Friday brought more issues than relief, but in waves of good and bad news. By noon on Friday we had our FMM cards (go to this google doc for a in-depth guide on how to get an FMM card in La Paz). We went on our merry way to the ferry building in Pichilingue, got our tickets for the ferry in ten minutes and thought we were on our way.
It was only an hour later or so that we found out that we still needed to get our importation documents for the motorcycles. We ran out of the hostel and back to Pichilingue for the second time to see if we could get the importation documents. The bank was closed for the day when we arrived and thus ended to effort for that day.
Saturday we made it out for our third trip to Pichilingue to try and get our importation documents (though our friend Matt told us that we were going to need the original title or registration). I have the original registration for my bike (and clearly remember my dad asking if I thought I needed the title and me saying no), but Alex doesn’t have either original, just copies. We were turned away from the bank because of the lack of documentation for Alex.
What this means is that we had to push back our tickets with the ferry and come up with a new plan. This post is already getting long, so to make it short, if Alex can’t get someone back home to find her registration, then she is going to have to fly back to Tijuana and take a bus to San Diego so she can get a copy of her registration at a AAA/DMV office.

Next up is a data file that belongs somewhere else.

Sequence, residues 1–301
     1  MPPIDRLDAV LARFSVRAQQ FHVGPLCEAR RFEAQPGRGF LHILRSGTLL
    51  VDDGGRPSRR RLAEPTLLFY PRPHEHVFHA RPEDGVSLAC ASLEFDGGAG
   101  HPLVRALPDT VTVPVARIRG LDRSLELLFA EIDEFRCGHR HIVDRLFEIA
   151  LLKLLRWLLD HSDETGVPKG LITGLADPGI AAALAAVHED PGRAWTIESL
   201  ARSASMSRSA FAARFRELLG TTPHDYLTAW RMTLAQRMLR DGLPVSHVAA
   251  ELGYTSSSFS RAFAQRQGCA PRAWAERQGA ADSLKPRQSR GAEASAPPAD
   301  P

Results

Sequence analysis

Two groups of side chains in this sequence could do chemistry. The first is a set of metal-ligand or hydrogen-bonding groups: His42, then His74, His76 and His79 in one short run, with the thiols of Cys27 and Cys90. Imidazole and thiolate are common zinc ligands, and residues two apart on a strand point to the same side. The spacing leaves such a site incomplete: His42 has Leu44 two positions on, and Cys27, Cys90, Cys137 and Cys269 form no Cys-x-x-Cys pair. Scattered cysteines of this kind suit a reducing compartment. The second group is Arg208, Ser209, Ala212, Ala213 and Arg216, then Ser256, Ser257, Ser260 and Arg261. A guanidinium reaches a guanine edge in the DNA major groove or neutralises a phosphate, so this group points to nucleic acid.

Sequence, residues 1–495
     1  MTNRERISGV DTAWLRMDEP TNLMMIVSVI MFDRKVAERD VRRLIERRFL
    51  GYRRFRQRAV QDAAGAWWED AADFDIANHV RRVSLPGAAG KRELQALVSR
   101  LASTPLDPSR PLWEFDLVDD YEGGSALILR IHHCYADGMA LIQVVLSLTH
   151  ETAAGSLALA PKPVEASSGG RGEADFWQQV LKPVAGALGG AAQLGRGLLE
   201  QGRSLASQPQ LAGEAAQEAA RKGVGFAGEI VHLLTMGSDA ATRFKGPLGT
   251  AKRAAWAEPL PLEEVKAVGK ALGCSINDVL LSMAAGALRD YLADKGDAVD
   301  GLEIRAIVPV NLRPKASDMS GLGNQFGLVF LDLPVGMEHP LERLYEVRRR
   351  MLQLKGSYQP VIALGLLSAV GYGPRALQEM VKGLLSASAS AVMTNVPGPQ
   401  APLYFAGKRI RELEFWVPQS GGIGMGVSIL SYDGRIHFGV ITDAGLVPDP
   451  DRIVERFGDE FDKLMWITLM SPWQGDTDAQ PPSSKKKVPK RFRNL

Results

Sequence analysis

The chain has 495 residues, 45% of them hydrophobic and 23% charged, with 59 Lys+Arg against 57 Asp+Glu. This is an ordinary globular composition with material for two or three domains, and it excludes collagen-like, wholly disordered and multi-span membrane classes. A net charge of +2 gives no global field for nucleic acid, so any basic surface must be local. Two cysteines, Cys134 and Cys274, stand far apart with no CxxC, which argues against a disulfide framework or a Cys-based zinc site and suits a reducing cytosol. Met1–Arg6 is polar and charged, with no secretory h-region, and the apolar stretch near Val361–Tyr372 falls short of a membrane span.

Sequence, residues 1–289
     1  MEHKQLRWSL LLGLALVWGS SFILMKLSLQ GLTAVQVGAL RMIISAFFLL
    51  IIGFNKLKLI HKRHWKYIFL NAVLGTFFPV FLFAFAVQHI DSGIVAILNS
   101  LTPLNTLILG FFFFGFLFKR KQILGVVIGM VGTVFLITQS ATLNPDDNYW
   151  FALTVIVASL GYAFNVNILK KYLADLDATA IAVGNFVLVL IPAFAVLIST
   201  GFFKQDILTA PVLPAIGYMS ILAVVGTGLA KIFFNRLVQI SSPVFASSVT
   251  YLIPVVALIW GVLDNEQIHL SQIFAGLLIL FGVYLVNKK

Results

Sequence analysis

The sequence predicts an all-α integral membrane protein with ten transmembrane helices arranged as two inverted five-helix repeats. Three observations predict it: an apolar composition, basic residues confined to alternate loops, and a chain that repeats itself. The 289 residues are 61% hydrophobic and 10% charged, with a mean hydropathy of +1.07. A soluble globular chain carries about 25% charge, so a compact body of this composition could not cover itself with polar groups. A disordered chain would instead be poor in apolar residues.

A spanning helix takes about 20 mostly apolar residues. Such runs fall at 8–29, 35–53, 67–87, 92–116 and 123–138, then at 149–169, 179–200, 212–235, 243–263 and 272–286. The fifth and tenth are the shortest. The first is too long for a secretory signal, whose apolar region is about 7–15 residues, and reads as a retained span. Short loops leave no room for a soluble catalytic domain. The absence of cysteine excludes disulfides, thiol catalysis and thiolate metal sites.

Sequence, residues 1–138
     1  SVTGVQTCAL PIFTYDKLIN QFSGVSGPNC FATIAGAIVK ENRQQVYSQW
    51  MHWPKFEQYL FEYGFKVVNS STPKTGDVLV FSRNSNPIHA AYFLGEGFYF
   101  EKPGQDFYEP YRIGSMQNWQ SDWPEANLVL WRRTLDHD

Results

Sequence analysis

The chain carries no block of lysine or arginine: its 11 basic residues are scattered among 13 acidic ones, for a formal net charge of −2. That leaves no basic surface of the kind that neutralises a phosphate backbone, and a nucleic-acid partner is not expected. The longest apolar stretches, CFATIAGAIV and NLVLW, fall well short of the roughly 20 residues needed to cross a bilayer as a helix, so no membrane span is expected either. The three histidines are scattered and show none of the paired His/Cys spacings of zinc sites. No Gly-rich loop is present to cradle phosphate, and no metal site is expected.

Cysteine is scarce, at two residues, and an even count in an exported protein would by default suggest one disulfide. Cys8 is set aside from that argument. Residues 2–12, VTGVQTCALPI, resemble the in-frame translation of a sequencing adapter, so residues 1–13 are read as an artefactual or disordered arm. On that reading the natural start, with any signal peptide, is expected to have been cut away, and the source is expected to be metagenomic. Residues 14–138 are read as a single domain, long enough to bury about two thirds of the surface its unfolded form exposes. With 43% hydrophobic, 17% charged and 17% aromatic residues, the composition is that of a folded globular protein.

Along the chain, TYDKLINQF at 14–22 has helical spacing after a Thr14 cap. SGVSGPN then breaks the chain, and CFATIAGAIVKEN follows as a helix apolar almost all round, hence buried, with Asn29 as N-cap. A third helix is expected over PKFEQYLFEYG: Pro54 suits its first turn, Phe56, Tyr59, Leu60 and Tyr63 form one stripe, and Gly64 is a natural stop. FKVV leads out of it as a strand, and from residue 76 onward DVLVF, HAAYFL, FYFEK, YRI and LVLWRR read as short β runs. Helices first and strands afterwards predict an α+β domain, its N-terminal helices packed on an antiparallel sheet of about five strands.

All said and done, we have moved our tickets to Thursday and that is the day that no matter what happens (with-in reason) we will be on he ferry. We don’t blame the system, it was a complete lack of planning that brought us here, but we are happy that it is happening not to far from home. All of the other border crossings might be a breeze compared to this, but at least at the end of this we should have all the documentation we should need in the future.
This too shall pass.